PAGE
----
GLOBAL TAX TRANSPARENCY IS RISING
The Foreign Account Tax Compliance Act (“F.A.T.C.A.”) enacted in 2010 has been the driving force and the primary impetus for global tax transparency across borders. It has led to a ginormous administrative challenge for banks and other financial institutions as well as withholding agents in 2015. The O.E.C.D.’s recent release of the common reporting standard has led Treasury Department officials to view it as “the multilateralization of F.A.T.C.A.”
The U.S. has negotiated more than 100 Intergovernmental Agreements (“I.G.A.’s”) with nations across the globe to implement F.A.T.C.A and allow tax information to be shared between governments, which has set the stage for discussion for the onset of global exchange of tax information. More than 50 I.G.A.’s had already been signed and the remainder are treated as in effect and should be signed soon.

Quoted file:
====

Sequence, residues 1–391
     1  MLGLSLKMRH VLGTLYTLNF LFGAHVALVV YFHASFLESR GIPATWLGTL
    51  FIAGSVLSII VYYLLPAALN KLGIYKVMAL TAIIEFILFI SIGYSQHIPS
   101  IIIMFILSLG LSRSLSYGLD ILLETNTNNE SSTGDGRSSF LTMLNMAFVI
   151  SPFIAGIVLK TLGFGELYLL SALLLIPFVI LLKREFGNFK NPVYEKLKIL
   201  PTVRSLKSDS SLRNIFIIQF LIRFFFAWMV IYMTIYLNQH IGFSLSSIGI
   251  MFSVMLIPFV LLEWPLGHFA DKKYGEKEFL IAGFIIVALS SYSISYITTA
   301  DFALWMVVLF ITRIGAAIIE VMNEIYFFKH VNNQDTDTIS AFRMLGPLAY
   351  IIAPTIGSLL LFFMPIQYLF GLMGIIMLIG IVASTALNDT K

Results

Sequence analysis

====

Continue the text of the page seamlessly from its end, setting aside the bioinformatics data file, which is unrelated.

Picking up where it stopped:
The I.G.A.’s represent a growing trend in global tax transparency, though implementation has posed a challenge to some nations. Implementing an I.G.A. may require changes to local legislation, such as approving actions that are required to be taken under the I.G.A. and thus essentially making F.A.T.C.A. a part of the law of that country. The Internal Revenue service (“I.R.S.”) said in December 2014 that jurisdictions with I.G.A.’s treated as agreed-in-substance will have more time to get the pacts signed if they can demonstrate “firm resolve” to finalize them, which is subject to a monthly review. Given the uncertainty of whether all agreed-in-substance I.G.A.’s will eventually be signed, and what the language of the signed I.G.A. will provide, 2015 will pose a growing concern for foreign financial institutions (“F.F.I.’s”), who are required to navigate multinational F.A.T.C.A. compliance, and for banks, who must put new procedures in place.